February 22, 2007
Elluminate (the maker of Elluminate Live! web conferencing system) has an interesting series of webinars entitled Let's Get Serious About New Learning... [Technologies, Approaches, Architectures]. Registration is required but free.
There is one scheduled for today, at 2 PM EST: "Let's Get Serious About New Learning Technologies: Learning-At-The-Speed Of Work/life"
There is also a pretty big library of recordings of past lectures - all of the webinars from the above series are already available there for on-demand playback. (Apparently, they are repeats.)
February 21, 2007
SI students have setup a Wetpaint wiki "to try some ways to share information besides si.all emails and hallway conversations". Somehow I never developed a deep appreciation of wikis, but I must admit that I'm very impressed with this Wetpaint tool for creating wikis - it appears superbly easy to use yet quite sophisticated, with simple yet elegant interface. Too bad it is only available in the hosted, free version (free isn't bad, except in this case it means ads), as this is the best tool for collaborative site building that I have seen in a long while...
February 20, 2007
There has been a growing demand for recording of lectures and class sessions at the School of Information. We've been using software called ProfCast (available only for the Mac) and a combination of off-the-shelf hardware (Mac mini, camera, microphone, monitor) mounted on a cart, which we would move from classroom to classroom, depending on the need. It is not a bad system, but it requires more care than we can devote to it, and it is not quite there yet in terms of features. So we've been looking at various alternatives, trying to locate something that is fairly sophisticated yet easy to use and affordable. (Yes, it's about as fruitful as searching for that one person that is super smart, with stunningly good looks, and madly in love with you. :-)). This morning we had a rep from Anystream demonstrate their Apreso system.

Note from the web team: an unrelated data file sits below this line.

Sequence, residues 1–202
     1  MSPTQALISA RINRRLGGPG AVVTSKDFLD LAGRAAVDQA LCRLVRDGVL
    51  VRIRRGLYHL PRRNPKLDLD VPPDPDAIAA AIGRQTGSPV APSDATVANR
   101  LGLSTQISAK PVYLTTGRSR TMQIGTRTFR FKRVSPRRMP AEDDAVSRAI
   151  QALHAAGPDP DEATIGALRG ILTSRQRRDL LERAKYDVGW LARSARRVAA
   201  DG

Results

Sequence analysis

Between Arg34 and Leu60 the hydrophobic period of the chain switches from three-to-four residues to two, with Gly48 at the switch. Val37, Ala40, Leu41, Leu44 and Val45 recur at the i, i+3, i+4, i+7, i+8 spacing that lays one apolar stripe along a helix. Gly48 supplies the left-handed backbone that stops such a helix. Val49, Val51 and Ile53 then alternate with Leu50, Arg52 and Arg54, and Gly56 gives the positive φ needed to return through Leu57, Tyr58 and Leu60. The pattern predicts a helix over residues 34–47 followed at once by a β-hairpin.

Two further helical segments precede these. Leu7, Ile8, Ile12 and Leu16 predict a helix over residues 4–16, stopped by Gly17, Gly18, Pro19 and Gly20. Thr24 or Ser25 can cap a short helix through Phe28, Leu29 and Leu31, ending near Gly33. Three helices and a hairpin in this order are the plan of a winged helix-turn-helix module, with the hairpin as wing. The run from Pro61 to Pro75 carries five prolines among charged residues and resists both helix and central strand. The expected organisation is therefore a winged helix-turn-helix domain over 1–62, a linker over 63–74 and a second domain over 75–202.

It was fairly impressive, especially on the ease-of-use front: the system hid all of its complexity from the end user, actually to the point of overdoing it by not even giving the user any indication as to when recording started and ended. (This is driven entirely by a scheduling system and there isn't even a big, green "Start" button to press...) That's a tough sell at a university where few things start and end exactly on time, especially since the system provides no editing capability, so the first 10 or 15 minutes of waiting for the latecomers to show up can't be edited out...
Apreso is a hardware/software combination, although there is a software-only product that does not provide the capability to record video of the presenter. It's not quite turn-key, in that in addition to the processing box (a Dell desktop outfitted with a bunch of cards) one also needs a Content Management server (to handle scheduling and store the final product), a streaming server (if streaming of content is desired), and an LMS (in our case it would be CTools) to control access to the recordings.
Also impressive was the range of recording formats, from the "whole nine yards": talking head + live screen capture + close captioning, to an audio-only file on iTunes. The processing of those is done automatically, behind the scenes - again, with the substantial caveat of not being able to edit the recording.